Treeless saddles vs regular saddles?

Discussion in 'Tack & Equipment' started by secuono, Nov 4, 2011.

  1. secuono

    secuono Senior Member

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    Tried to search them here, said nothing was found. What do you guys think of them and what is the better kind?
    Found saddlingsolutions.com and they seem cool.
    Thoughts?
     






  2. angie j

    angie j Senior Member+

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    You'd probably get all your answers if you did a search "treeless saddle"
     
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  3. SaddleOnline

    SaddleOnline Full Member

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    Some people swear by treeless saddles. When a horse is hard to fit, a treeless saddle can help significantly. However, there are also issues with them, as they do not provide as much structure and some models do not distribute the weight of the rider and the saddle very well, which can cause problems for your horse. Often it ends up being a matter of personal preference - some horses/riders love them and work beautifully in them - some have problems.
     
  4. Javanewt

    Javanewt Senior Member+

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    If you go with treeless, get a reliable brand, not one of the cheapies on eBay, etc.

    I ride in Ansur saddles and LOVE them. I will never go back to treed saddles. I have four horses, three that I ride, and one saddle fits all (actually both saddles fit all; I have a jumping and dressage).

    I agree that not all treeless saddles work for all horses, though. You should use a good pad with them -- I use an Ansur pad and a Skito pad, depending on the horse.

    The Ansurs do require good balance, but every rider should have that or be working toward it, anyway;)
     
  5. TWH Gal

    TWH Gal Senior Member+

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    The genuine Bob Marshall sport saddle is also a good one. A rider does need great balance to ride in a treeless saddle. They are super comfy. I rode many trail miles in one (with a Skito pad) but prefer my Syd Hill aussie for some of the more extreme rides. The advantage of a treeless is they fit most horses, are extemely light weight, and allow great freedom for both the horse and rider...the disadvantage is they can hurt a horses back.
     
  6. trails2rails

    trails2rails Senior Member+

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    I loved the Ansur dressage saddle I rode in - thought it made a huge difference in my horse's movement. Then I rode in a really well made and well balanced traditional treed saddle - the horse moved just as nicely if not more nicely. The comfort of the horse has as much to do with the balance and support of the rider as it does with tree or no tree. I prefer trees over treeless because I just have this gut feeling that trees are easier on the horse's back over time and distribute the weight/pressure over a greater surface area. Also, I don't feel right going out xc in a treeless saddle on my mutton withered horses LOL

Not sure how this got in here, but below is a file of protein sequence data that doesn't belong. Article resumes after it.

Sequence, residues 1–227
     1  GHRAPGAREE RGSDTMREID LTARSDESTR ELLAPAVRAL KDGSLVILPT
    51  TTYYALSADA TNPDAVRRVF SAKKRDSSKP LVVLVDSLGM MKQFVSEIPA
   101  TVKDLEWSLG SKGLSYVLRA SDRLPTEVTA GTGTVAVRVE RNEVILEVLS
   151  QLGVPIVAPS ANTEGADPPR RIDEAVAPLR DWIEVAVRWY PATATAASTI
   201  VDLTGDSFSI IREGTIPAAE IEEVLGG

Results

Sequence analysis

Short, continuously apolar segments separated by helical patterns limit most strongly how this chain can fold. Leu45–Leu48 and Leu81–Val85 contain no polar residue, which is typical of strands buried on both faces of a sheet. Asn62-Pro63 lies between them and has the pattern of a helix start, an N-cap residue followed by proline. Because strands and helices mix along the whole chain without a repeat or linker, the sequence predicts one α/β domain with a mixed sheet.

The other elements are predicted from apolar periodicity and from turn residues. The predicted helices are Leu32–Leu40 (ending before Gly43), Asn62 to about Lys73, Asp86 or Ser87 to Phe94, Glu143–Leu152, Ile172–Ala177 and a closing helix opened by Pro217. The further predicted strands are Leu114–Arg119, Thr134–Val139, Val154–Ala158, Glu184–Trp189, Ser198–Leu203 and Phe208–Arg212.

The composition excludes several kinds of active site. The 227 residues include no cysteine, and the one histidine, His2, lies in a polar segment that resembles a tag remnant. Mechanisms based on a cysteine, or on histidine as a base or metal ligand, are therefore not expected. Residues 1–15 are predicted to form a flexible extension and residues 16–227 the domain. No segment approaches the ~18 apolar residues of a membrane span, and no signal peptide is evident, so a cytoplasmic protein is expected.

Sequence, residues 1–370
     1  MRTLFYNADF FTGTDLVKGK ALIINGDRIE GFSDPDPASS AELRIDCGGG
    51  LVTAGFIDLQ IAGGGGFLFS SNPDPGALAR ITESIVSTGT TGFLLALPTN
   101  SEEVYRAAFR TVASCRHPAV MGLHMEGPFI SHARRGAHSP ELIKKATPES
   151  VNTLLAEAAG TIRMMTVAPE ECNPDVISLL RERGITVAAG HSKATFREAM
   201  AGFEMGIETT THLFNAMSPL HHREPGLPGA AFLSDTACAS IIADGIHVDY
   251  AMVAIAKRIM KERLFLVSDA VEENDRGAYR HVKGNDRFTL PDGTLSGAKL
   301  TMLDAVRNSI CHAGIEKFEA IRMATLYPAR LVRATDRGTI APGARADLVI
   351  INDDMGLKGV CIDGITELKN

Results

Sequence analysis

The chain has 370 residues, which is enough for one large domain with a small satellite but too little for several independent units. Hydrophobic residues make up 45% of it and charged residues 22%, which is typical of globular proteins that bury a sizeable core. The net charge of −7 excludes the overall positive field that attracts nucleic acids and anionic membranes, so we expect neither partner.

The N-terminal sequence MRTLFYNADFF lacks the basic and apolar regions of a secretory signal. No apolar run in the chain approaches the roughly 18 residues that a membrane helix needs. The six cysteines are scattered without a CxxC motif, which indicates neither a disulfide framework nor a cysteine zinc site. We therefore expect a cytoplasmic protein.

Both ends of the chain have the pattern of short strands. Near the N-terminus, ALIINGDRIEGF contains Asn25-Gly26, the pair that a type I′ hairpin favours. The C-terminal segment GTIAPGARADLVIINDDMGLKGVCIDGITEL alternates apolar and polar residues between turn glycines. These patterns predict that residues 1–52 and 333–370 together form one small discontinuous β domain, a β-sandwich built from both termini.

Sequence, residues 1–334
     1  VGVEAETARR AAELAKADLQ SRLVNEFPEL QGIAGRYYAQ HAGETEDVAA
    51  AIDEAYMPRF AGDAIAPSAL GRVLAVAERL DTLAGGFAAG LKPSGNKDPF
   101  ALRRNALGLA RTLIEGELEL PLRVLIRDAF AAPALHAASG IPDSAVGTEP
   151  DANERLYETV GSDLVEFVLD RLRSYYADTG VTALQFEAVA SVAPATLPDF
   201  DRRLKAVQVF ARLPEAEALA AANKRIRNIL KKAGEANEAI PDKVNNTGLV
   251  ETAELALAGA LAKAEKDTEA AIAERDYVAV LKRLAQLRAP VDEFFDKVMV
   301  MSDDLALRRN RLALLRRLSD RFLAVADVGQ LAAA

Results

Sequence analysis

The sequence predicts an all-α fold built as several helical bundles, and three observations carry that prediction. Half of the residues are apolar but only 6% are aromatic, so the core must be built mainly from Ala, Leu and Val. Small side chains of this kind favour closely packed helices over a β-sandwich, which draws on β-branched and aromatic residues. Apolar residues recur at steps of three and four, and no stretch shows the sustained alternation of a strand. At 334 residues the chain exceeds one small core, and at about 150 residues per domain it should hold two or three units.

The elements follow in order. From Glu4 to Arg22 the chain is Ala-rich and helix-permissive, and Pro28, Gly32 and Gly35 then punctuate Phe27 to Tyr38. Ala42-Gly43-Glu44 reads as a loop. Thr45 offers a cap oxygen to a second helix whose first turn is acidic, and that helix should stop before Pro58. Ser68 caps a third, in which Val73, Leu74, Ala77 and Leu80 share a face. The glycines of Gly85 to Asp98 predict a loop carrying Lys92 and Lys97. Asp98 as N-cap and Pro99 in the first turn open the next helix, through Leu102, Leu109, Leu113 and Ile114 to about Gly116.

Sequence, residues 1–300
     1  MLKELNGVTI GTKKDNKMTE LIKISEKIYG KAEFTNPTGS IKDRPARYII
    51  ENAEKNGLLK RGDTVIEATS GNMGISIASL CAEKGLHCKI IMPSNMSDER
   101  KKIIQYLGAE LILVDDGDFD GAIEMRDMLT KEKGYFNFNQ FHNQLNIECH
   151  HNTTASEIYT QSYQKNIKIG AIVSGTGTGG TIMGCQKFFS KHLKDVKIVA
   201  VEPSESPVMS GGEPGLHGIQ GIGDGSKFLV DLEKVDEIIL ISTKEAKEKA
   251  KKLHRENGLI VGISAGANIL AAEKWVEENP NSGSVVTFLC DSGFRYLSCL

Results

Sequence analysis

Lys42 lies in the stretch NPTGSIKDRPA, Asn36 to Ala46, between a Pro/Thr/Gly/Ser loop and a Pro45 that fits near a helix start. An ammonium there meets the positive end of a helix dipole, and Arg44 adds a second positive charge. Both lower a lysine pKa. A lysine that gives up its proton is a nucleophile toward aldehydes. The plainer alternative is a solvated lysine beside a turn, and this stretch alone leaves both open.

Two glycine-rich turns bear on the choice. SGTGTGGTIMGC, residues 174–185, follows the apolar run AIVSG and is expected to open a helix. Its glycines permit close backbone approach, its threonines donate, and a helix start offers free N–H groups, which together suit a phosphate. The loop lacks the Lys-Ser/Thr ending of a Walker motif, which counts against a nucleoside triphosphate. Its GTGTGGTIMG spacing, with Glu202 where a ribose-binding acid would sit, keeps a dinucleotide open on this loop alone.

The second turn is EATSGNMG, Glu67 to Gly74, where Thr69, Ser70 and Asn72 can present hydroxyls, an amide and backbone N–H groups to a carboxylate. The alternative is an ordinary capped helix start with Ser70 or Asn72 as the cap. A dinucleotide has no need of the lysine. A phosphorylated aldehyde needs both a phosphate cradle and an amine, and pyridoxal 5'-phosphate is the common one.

7. cowgurly02

    cowgurly02 Senior Member+

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    If you search "treeless" you'll see we've had a few recent threads on them here :)

    I love my treeless, I have a Barefoot Cheyenne. One thing to keep in mind is that you need a good pad with inserts. That is what keeps the spinal clearance since there is no tree. It's more of a whole system than just a saddle.

    If you use the wrong pad it won't distribute the weight properly, but if you have the right pad and the inserts fitted to your horse it will :) The treeless saddle made a huuuuge difference in my horse, Player. I use it for endurance (recently on a 50 mile endurance ride) and he vetted out with all A's on his back and withers. He is tough to fit and I went through a few treed saddles first. The Barefoot has been amazing for him. I have the Grandeur Physio pad with it, and I am going to get another pad to fit to my other gelding so I can use the saddle on both of them. I've tried the saddle on my other gelding and it fits, even with the same pommel in it (I bought mine used and she threw in the smaller sized pommel too so I could switch them out for different horses), but he needs a different pad unless I want to change the inserts around every time and I don't want to do that.
     






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